Chia seeds: Banned into obscurity, but back and more popular than ever

Chia seeds. In recent years we find them in smoothies, in breads, crackers, puddings, granola, cereal, even in our juices and drinks. So how did chia migrate from the “fur” on our chia pets to our daily menu?

Chia, salvia hispanica, was a traditional food crop of the Aztecs, and grows native in Mexico and Guatemala. It is high in fiber, protein, antioxidants, omega 3 fatty acids, along with calcium and some other minerals. All this make it likely that chia will be confirmed as a very healthy addition to the diet. Science-wise, however, the research is scant and inconclusive on the health benefits of the chia seeds. But due to its nutrient composition, many in the natural health community have billed it as another superfood.

Chia seeds have a mild nutty flavor that is easy to eat, and stores well without going rancid. So delicious and nutritious.

Why then did it take so long for us to discover the chia seed when it is so healthy and tasty and was  such popular crop alongside corn for the Aztec and Mayan cultures? The reason has to do with religion.  The Mayan and Aztec cultures widely used chia in religious ceremonies, and because of this, the Spanish banned the plant when they conquered the region. Thankfully it remained in use in some regions and has come to popularity again in recent years.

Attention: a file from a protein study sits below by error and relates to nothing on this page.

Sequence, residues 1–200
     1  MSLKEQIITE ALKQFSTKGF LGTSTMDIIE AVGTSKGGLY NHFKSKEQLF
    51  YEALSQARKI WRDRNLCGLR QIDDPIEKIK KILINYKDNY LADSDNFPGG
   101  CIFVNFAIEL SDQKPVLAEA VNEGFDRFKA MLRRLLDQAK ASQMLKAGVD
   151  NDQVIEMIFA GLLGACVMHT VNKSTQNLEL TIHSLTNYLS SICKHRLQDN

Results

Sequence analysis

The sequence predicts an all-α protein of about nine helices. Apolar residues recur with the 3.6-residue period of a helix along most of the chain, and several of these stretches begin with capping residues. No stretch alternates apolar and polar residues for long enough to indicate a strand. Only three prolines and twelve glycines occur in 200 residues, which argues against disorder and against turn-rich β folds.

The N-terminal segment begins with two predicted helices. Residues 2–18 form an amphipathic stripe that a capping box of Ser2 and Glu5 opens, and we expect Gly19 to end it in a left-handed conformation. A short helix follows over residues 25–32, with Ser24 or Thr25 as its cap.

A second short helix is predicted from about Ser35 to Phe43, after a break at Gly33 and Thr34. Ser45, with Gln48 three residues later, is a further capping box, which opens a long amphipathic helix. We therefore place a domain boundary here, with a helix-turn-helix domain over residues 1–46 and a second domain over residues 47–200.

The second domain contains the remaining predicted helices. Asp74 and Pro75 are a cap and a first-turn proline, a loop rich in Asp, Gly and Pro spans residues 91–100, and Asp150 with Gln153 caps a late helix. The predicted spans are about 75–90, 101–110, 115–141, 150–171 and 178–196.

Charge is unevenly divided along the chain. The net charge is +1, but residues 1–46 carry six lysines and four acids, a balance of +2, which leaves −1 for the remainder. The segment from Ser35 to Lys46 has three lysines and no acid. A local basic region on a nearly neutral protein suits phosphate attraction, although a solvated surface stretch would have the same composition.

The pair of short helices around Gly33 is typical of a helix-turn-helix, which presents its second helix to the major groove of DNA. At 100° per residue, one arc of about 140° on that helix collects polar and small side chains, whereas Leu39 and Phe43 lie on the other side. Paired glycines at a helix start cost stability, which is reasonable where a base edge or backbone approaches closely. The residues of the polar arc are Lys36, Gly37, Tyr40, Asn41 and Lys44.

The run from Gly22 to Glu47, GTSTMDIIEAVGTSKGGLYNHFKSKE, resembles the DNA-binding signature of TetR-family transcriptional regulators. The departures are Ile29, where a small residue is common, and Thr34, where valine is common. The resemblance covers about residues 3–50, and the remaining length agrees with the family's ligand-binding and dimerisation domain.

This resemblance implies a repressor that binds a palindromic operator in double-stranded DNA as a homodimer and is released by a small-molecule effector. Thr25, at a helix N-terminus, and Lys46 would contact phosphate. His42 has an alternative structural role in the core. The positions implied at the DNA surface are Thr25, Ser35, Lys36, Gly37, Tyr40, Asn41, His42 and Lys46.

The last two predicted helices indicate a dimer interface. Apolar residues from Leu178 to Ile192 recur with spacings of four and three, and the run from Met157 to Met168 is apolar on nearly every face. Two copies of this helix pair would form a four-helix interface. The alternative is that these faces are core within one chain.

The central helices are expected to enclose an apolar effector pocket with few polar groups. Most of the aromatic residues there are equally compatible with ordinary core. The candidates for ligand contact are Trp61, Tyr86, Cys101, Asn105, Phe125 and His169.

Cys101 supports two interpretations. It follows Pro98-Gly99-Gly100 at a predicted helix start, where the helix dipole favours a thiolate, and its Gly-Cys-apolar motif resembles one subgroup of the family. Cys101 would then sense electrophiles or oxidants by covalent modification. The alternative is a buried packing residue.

If you are tasting chia for the first time, following are a couple ways to try it and a few recipes to get you started.

1. Chia wildberry water

My current daily use for chia. I have been struggling with dehydration, and the gel like consistency that chia forms in liquid after soaking actually helps your body to gain better hydration from the water that you drink. Mixing the water with frozen wildberries makes it more flavorful.

2. Iskiate or chia fresca

 (lemon, water, chia drink). This beverage was traditionally used by the Tarahumara of Mexico for stamina/energy. The Tarahumara are known for their long distance running abilities.

3. Chia seed pudding

This seems to be by far the most popular recipe for chia with many variations, depending on your taste buds and mood. Following is our variation on chia seed pudding.

Lemon coconut chia pudding

Mix 2 cups coconut milk with 2 Tbsp chia seeds, 1 tsp lemon oil, and 1 Tbsp maple syrup. Stir well and refrigerate until it thickens about 2 hours. Serve with fruit of choice.

4. Sprinkle chia

You can sprinkle the seed on or in just about anything. Yogurt, icecream, oatmeal, cereal, chicken, fish, soup, salad, casserole, smoothies, bread, muffins, juice.

5. Chia lemon cornbread

A variation on a lemon poppyseed bread, this recipe is adaptable to any cornbread recipe or mix. I modified the recipe on the cornbread mix that I used to come up with this delicious recipe.

* 1 Bobs Red Mill gluten free cornbread mix

* 1 1/2 cups kefir

* 2 eggs

* 1/2 cup olive oil or melted coconut oil

* 1/2 cup lemon juice

* fresh zest of 1 lemon

* 1 tsp lemon oil (optional for stronger flavor)

* 4 Tbsp chia seeds

Mix all ingredients together. Bake at 375°F for 55 minutes or until top is golden brown.

There are many interesting recipes for the use of chia seeds. Use your imagination, and share with us some of your ideas in the comment section below.

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